Hyperloop One has completed its first closed-end test track, the DevLoop, in the desert near Las Vegas, Nevada. As a result, the development of the high-speed transport system in vacuum boilers will move into the next phase.
At the same time, the company announced the next steps of the design contest Hyperloop Global Challenge in the USA, where the first possible routes will be explored.
As the company is writing a press release, the DevLoop is now fully assembled and thus the first test track with the length of 500 meters, on which future prototypes of capsules can be used.
This allows the development of the magnetically floating rail vehicles to be advanced in the desert at Las Vegas – after an initial test of the outdoor engine systems last year, an important next step.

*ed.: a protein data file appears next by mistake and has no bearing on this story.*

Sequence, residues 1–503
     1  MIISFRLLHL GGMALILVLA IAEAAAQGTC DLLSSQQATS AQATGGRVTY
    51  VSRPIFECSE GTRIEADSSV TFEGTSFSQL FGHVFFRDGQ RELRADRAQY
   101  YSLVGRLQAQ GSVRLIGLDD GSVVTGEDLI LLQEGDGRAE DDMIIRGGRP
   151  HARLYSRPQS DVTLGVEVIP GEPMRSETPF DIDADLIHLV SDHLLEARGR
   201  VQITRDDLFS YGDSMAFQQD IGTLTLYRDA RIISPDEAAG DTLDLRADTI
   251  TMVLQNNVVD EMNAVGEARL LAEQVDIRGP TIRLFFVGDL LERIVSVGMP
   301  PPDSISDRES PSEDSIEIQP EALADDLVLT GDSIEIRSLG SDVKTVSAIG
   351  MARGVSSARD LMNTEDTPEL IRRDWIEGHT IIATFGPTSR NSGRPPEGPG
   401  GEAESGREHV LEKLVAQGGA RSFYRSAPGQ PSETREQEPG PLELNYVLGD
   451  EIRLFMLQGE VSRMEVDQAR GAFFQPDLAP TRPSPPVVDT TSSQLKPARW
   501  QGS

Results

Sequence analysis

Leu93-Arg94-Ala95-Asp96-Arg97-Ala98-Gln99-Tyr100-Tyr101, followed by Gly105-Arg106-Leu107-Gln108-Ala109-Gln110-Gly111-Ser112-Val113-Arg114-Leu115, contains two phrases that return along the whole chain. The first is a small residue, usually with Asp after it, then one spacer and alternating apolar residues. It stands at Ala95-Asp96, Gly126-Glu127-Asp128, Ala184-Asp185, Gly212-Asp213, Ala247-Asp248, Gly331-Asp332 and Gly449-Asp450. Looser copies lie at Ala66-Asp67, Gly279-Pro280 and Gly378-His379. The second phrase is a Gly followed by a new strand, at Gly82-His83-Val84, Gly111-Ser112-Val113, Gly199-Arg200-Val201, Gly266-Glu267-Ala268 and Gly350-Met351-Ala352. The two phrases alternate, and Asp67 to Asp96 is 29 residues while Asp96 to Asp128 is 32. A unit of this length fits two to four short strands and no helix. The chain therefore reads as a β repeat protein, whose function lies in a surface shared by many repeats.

The routes proposed for the US in the course of the Hyperloop Global Challenge involve not only teams of planners, but sometimes even employees of state traffic authorities.
The longest would have a distance of 1152 miles from Cheyenne to Houston and would shorten transport times of 17 hours on the road to about an hour and 45 minutes. Until the time comes, however, it is likely that this will continue for years to decades – if the concept proves to be viable and economic at all.
The announcement of the test track construction in January is now underway as planned. The concept of super-rapid magnetic levitation paths in vacuum tubes has met with more and more resonance since the kickoff of Elon Musk in 2013 worldwide.
Even Lufthansa and DB are showing interest in the possibility of people and goods to bring faster and cheaper than by plane from A to B. Especially on the middle course, a well-developed tube system would probably be far superior to all previous transport means.